UCL News


Caught on the hop by phantom rabbit

28 February 2006

The difference between real and illusory touch is revealed today in the journal 'PLoS Biology' by Dr Felix Blankenburg [UCL Institute of Neurology], Professor Jon Driver [UCL Institute of Cognitive Neuroscience] and their colleagues.

They used a classic illusion called the 'cutaneous rabbit', first reported in 1972, when a rapid succession of taps to the wrist is quickly followed by taps to the elbow.
Rather than 'feeling' each of the taps where they occurred, subjects report an equidistant series 'hopping' up their arm in regular sequence, like a tiny rabbit bounding gleefully upon their nervous system towards the armpit.
This effect troubles neuroscientists because the brain seems to warp time to create the illusion: how can the brain feel the taps on the forearm before those on the elbow? How did the brain know where the next tap was going to fall? …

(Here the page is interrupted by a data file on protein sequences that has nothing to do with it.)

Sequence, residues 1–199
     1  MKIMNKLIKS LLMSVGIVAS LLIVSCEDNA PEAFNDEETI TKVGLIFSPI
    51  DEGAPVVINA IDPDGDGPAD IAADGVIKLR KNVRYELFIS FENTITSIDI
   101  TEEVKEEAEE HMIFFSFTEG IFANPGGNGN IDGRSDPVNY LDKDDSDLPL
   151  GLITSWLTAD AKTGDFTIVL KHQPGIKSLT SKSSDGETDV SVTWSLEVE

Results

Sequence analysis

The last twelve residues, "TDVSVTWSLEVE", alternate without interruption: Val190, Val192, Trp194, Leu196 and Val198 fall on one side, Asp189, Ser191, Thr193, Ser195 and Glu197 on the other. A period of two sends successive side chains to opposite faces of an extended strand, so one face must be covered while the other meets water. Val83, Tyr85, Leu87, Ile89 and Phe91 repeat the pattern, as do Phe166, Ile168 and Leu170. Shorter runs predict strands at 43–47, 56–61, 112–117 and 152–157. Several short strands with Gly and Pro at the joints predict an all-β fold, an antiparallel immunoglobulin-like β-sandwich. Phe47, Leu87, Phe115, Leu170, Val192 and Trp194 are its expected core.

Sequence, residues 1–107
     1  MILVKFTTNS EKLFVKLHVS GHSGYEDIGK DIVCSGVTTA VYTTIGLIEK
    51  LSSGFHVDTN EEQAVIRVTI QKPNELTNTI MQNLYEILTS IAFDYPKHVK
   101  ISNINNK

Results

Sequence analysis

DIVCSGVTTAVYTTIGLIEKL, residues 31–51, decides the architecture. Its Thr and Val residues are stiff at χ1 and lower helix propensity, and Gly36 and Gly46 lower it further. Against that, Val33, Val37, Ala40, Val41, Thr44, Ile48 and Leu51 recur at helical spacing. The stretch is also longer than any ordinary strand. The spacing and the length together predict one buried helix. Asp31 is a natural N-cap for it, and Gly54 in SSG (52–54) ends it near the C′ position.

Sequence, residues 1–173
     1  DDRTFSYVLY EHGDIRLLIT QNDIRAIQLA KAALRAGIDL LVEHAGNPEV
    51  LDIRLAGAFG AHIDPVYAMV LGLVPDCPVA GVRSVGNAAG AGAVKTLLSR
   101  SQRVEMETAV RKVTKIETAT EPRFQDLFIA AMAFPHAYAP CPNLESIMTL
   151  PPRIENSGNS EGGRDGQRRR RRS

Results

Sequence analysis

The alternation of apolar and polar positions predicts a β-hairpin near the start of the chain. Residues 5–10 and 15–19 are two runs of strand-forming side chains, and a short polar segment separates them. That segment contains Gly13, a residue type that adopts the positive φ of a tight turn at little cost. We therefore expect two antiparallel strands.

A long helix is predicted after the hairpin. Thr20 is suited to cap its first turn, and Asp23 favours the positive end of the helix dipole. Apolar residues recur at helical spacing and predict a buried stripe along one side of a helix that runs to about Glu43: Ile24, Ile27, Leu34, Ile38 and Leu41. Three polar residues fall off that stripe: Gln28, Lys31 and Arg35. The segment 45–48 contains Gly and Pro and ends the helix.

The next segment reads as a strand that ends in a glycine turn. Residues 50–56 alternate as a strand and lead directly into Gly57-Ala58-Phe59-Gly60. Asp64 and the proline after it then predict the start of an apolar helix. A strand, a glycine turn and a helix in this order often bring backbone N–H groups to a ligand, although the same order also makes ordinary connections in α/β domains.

Using a brain scanner, and electrical stimulation of the arms of the subjects, Dr Blankenburg's team revealed the illusion feels like the real thing in that the same brain sector is activated whether the tactile sensation is due to touch or the 'cutaneous rabbit'. In both cases, a part of the brain lights up called the postcentral gyrus, a key area used to represent touch. …

This connection between conscious perception and events in the brain may shed light on conditions such as phantom limb pain, he said.

Phantom pains occur in around 80 per cent of amputees, when the missing limb causes discomfort.

Roger Highfield, 'Daily Telegraph', 28 February 2006